Sometimes you are lucky, and your starting hand is already full of complete runs and groups. You are only very few cards away from playing all of them at once and being ultimately victorious. We take a closer look at when it is worthwhile to speculate for going rummy and what you can do to keep your opponent from doing that.
What Does Going Rummy Mean?
In theory, the rules around going Rummy are simple, as we discussed in the Rummy manual. There are two conditions:
- Be the first player to place any melds on the table, and
- Finish your turn empty-handed. Caution: The last card must go to the discard pile!
When you can do that, you do not only win, but you are also doubling your score. And that is absolutely worth it most of the time since your opponents are still holding all of their cards. Going rummy successfully might decide who will get the jackpot at the end of the table.
But you need to be quick to go Rummy. Once another player beats you to playing the first meld of the round, your chance is gone.
High Reward for High Risk
Going rummy comes with plenty of points. But if another player leapfrogs you, it might backfire. At worst, your opponent is going Rummy themselves, and all the great cards in your hand score against you now – twice over. That is why it is important to precisely evaluate if the risk is worth it.
Whether you should attempt going rummy or not mainly depends on your starting hand and your luck in quickly gaining the fitting cards. If you have to wait for them too long, it is time for a change of plans.
When to Save up for Going Rummy
In the best case, your starting hand is strong enough to play it all in your first turn. But that case is very rare. It is more likely that you are missing a few cards. Having only a few gaps and many Jokers is good but not enough on its own.
The crucial question is: How many passes will you probably need to draw the missing cards? When you think you will get the missing cards within very few turns, you can take the plunge. As a very vague guideline, we say: You have to be able to go Rummy by your fifth turn.
If that works out for you depends entirely on the assortment of your hand. If you need one specific card, it is unlikely for you to draw it that soon. When four or more different cards could complete your hand by drawing only one of them, your chances look bright.
… And When Not To
Few or no Jokers, long runs with every other card missing, and several single cards that will not fit anywhere – with a hand like this, you have no business attempting to go Rummy. In such a case, you should play your first meld as soon as possible. Even when you do not see a chance to win the round, at least you minimize your potential losses like that.
It gets more complicated when you have a relatively strong hand, but two or three single cards remain mismatched. Or when you are missing one specific card to complete your first meld.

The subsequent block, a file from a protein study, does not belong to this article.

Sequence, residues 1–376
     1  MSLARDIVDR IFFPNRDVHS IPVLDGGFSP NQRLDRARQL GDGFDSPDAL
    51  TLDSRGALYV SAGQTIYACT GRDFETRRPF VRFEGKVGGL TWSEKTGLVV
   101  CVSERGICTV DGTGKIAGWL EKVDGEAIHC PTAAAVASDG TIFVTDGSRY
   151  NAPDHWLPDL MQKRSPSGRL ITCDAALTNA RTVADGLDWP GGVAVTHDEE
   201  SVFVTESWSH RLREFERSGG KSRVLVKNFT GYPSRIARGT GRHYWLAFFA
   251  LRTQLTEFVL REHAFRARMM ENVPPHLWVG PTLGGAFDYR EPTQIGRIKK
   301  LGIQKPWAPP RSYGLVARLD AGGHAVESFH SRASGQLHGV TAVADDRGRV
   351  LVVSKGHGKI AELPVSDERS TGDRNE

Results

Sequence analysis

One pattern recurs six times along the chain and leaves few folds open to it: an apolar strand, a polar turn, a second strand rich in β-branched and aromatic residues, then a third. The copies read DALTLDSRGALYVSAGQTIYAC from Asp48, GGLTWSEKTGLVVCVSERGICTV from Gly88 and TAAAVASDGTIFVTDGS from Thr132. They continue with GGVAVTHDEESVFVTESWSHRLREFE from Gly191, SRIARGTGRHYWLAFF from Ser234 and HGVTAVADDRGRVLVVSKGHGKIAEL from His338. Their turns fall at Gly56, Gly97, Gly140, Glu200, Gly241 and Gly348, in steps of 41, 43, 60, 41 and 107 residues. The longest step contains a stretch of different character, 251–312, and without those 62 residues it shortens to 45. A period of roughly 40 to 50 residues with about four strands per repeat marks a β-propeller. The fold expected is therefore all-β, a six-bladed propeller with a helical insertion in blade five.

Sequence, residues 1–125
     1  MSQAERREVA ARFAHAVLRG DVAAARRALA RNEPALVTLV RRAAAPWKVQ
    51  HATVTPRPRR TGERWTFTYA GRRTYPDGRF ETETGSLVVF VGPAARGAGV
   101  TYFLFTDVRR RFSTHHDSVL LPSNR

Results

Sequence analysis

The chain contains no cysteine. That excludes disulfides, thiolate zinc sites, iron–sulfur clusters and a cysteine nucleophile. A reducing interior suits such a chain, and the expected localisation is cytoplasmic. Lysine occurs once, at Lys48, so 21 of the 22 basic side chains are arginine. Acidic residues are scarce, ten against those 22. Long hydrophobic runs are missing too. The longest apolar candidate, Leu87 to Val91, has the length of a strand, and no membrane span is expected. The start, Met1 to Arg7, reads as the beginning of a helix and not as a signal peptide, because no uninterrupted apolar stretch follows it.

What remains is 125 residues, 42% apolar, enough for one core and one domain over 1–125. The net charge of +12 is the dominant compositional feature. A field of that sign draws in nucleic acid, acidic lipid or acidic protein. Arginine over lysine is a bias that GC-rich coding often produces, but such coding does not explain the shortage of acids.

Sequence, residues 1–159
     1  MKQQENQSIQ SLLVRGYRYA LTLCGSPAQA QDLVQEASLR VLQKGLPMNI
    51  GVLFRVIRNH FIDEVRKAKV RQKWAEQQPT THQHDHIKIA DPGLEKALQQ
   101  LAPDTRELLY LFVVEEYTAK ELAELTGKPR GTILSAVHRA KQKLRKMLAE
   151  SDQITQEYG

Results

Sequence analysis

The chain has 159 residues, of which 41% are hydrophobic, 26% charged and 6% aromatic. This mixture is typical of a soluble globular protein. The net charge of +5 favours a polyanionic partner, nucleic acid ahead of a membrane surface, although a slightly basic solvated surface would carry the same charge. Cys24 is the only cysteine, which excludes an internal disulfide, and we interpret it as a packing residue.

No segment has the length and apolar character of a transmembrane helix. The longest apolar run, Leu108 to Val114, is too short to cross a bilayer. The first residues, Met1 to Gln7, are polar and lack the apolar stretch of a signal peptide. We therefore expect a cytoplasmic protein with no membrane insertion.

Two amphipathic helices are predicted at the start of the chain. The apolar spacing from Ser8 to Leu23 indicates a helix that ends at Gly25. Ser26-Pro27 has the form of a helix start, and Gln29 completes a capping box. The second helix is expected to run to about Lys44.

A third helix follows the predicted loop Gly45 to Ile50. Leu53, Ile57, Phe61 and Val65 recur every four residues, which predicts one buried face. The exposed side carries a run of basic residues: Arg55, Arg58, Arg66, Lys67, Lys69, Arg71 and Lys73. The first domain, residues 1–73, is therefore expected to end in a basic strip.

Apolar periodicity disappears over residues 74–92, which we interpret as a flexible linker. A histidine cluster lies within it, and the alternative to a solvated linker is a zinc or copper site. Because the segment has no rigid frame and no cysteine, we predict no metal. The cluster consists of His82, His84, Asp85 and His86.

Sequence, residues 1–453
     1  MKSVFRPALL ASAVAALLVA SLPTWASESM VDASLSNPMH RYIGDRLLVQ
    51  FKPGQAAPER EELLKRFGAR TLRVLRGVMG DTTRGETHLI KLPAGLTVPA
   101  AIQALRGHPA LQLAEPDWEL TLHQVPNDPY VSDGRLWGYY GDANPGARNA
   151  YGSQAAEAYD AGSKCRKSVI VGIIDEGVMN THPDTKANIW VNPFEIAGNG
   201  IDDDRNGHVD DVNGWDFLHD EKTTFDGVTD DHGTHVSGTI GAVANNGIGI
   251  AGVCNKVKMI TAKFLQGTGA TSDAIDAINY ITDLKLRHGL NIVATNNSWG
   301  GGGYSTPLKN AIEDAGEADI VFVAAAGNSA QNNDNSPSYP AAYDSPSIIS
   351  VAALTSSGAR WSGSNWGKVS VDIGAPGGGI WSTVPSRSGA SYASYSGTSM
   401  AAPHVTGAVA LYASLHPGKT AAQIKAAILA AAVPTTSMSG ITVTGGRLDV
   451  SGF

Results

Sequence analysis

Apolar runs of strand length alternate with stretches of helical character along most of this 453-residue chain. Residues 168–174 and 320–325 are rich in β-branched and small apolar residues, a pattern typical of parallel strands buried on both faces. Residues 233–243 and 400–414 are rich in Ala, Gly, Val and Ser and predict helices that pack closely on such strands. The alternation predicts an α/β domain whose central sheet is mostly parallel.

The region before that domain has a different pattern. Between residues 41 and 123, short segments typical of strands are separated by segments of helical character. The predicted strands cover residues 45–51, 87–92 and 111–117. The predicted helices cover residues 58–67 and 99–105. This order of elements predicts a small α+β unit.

With a ton of luck, the missing cards might fly into your hands in your first two turns. But with the tiniest bit of bad luck, you have to wait for a long time to close the gaps or swap the single cards for more useful ones. Now you need to decide, how big a risk you are willing to take.
Do Not Hesitate
With each new pass, the risk of one of your opponents going rummy rises.
You can prevent that by playing your first meld sooner. As soon as cards are on the table, the chance to go Rummy is over – for you and your opponents.
Even when you are close to going rummy, you should reevaluate in each turn if it is really worth is waiting a little longer.
In case of doubt, it is safer to give up going rummy yourself and at least play yout first meld. Should your opponent empty their hand in their next turn, at least the points will not double up anymore. And the points for your first meld are no longer in your hand, too.
Going Rummy and the Number of Players
When considering to go Rummy, you need to take the number of players into account, too. With each additional player, the risk, as well as the potential gain, is rising.
While only one opponent can beat you to going rummy in a game of two, the risk for that is three times higher with three opponents. In a game with many players, it is thus safer to play your first meld rather too soon than too late. But if you manage to go Rummy once, your fellow players will have a hard time catching up to your score in the following rounds.
You notice that many aspects factor into going rummy. The important decision of whether you should use one more turn to save up for going rummy or if the risk is getting too high is mostly based on personal game experience. So, try out different tactics, preferably with different numbers of players, and find your own strategy!
If you would like to read other rules before doing so, you can find our manual here. Or take a look at our other Rummy Lessons.